If you go to see an Ayurvedic doctor, ghee is normally mentioned, poured over your skin or in your mouth.  It’s a little like in Spain, where doctors prescribe ham.  Just ask my lovely pal Ang, who was told that being a vegetarian, she needed more ham in her diet!  Although, I’m not sure of the benefits of wafer thin ham.

Ghee does have some proven health benefits (see the foodie fact), but its primary purpose for existing, in my eyes, is deliciousness.  It adds yum to all it touches.

Making ghee is straightforward, it’s not so easily sourced in the UK and can be a little on the expensive side, so homemade is best.

It keeps for months in the fridge in a clean jar (soaked in boiling water).  In India, aged ghee is highly valued, sometimes kept in temples for over a 100 years!

One block of butter will make around half a jar.

The Bits

One block of good quality lightly salted (or to your taste) block of butter.

Do It

Get a nice thick bottomed pan on a medium heat, put the butter in.

When it begins to foam, lowere the heat and cook for around ten minutes.  The butter will separate and leave a white foam on top.  It should take on a light brown colour (not too brown).

Take the pan off the heat and let it cool.

In a nice clean jar, pour the ghee through a fine sieve or cheese cloth. Allow it to cool fully and place in the fridge.  That’s it!

Milk Solids Recipe

The left over milk solids will be very salty (if you used salted butter), but are very tasty.   They can be used in a traditional rice dish, normally served at weddings, called butter pot rice.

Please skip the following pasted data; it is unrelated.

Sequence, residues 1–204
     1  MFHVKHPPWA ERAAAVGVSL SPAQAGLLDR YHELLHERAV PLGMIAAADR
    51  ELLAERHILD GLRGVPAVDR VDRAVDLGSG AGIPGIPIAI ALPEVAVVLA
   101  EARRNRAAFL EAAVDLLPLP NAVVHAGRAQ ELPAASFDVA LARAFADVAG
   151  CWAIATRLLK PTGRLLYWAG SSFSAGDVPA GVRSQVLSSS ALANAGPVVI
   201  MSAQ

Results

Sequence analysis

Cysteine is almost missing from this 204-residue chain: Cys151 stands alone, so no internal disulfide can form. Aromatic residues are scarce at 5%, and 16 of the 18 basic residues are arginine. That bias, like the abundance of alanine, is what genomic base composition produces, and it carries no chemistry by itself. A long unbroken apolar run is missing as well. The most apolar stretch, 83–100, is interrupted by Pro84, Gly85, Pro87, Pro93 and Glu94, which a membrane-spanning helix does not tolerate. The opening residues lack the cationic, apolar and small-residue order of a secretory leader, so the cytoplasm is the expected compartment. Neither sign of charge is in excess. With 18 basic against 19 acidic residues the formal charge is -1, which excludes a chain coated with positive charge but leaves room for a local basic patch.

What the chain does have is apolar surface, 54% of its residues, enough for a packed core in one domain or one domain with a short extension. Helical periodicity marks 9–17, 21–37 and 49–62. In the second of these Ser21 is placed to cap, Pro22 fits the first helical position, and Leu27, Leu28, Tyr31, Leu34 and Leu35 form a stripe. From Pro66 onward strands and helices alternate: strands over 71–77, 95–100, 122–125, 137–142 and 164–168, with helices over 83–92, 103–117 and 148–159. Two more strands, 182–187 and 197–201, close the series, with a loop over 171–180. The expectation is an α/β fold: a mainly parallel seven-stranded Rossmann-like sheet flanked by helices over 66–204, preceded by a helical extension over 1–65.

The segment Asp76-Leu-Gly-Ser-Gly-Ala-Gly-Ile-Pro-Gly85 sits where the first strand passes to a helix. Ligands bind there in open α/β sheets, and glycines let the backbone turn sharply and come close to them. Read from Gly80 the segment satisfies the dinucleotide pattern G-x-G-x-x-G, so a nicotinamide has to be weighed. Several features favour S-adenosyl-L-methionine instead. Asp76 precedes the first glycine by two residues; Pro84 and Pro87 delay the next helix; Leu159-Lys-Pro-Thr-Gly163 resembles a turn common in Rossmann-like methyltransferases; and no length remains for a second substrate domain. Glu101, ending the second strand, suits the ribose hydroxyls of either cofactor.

Just add garlic and thinly sliced onion to the pan, fry until soft, add a handful of peppercorns and a few curry leaves.  Stir your rice in and coat with the ghee, then add water (cold, one to two fingers above the rice), cover tightly and leave on a low heat for 30 minutes.   We used brown rice, which needs slightly less water.

For more recipes see this lovely veggie website:

http://www.veggiebelly.com/2012/01/how-to-make-ghee.html

We Love It

It sits in the fridge nicely and when unleashed on food, adds so much shine and richness.  It really is nectar.  As part of the fabled ‘balanced diet’ it is truly a wonder food.  The milk solids are a fantastic bonus.

Ghee also takes us back to many wonderful memories of magic India, normally soaked up on a warm chapatis.

Foodie Fact

Ghee burns at a high temperature, meaning it doesn’t release too many dangerous free radicals (please note: never fry with olive oil that has not been cold pressed, for this reason).  Ghee contains vitamins and essential fatty acids.  If the ghee is completely separated from the milk solids, it does not contain lactose and people who are lactose intolerant can join the party!

Categories: Ayurveda, Dairy/ Lactose Free, Recipes, Vegetarian | Tags: , , , , , | Leave a comment

Sprout! The evolution of the mung

Heres something that could change your life.  Maybe extend it a little also.

Sprouts!

Mung bean sprouts this time.

These little wonders are a gift from nature. They are packed with nutrients, very, very good for us and best of all, easy and cheap to prepare at home.

My sprouting guru is a wandering flautist named Yanny, he is in his late 70′s and fit as a fiddle.  Yanny even sprouts on his travels in hotel rooms and in backpacks.